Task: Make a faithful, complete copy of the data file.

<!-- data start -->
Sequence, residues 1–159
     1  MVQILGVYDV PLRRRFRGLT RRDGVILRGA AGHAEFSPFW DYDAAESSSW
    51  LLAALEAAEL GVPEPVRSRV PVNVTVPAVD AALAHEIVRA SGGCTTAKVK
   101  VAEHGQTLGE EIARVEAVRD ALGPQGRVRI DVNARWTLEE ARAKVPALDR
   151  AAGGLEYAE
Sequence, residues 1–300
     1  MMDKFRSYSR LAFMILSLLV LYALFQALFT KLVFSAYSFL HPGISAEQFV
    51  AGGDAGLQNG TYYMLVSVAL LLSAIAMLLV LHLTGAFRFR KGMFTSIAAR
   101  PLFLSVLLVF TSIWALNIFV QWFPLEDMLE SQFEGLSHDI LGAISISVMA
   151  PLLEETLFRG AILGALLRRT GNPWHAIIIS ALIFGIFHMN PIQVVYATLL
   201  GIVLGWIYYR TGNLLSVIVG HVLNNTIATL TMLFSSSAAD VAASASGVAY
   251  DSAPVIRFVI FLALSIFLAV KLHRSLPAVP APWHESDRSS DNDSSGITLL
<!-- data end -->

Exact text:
Sequence, residues 1–159
     1  MVQILGVYDV PLRRRFRGLT RRDGVILRGA AGHAEFSPFW DYDAAESSSW
    51  LLAALEAAEL GVPEPVRSRV PVNVTVPAVD AALAHEIVRA SGGCTTAKVK
   101  VAEHGQTLGE EIARVEAVRD ALGPQGRVRI DVNARWTLEE ARAKVPALDR
   151  AAGGLEYAE
Sequence, residues 1–300
     1  MMDKFRSYSR LAFMILSLLV LYALFQALFT KLVFSAYSFL HPGISAEQFV
    51  AGGDAGLQNG TYYMLVSVAL LLSAIAMLLV LHLTGAFRFR KGMFTSIAAR
   101  PLFLSVLLVF TSIWALNIFV QWFPLEDMLE SQFEGLSHDI LGAISISVMA
   151  PLLEETLFRG AILGALLRRT GNPWHAIIIS ALIFGIFHMN PIQVVYATLL
   201  GIVLGWIYYR TGNLLSVIVG HVLNNTIATL TMLFSSSAAD VAASASGVAY
   251  DSAPVIRFVI FLALSIFLAV KLHRSLPAVP APWHESDRSS DNDSSGITLL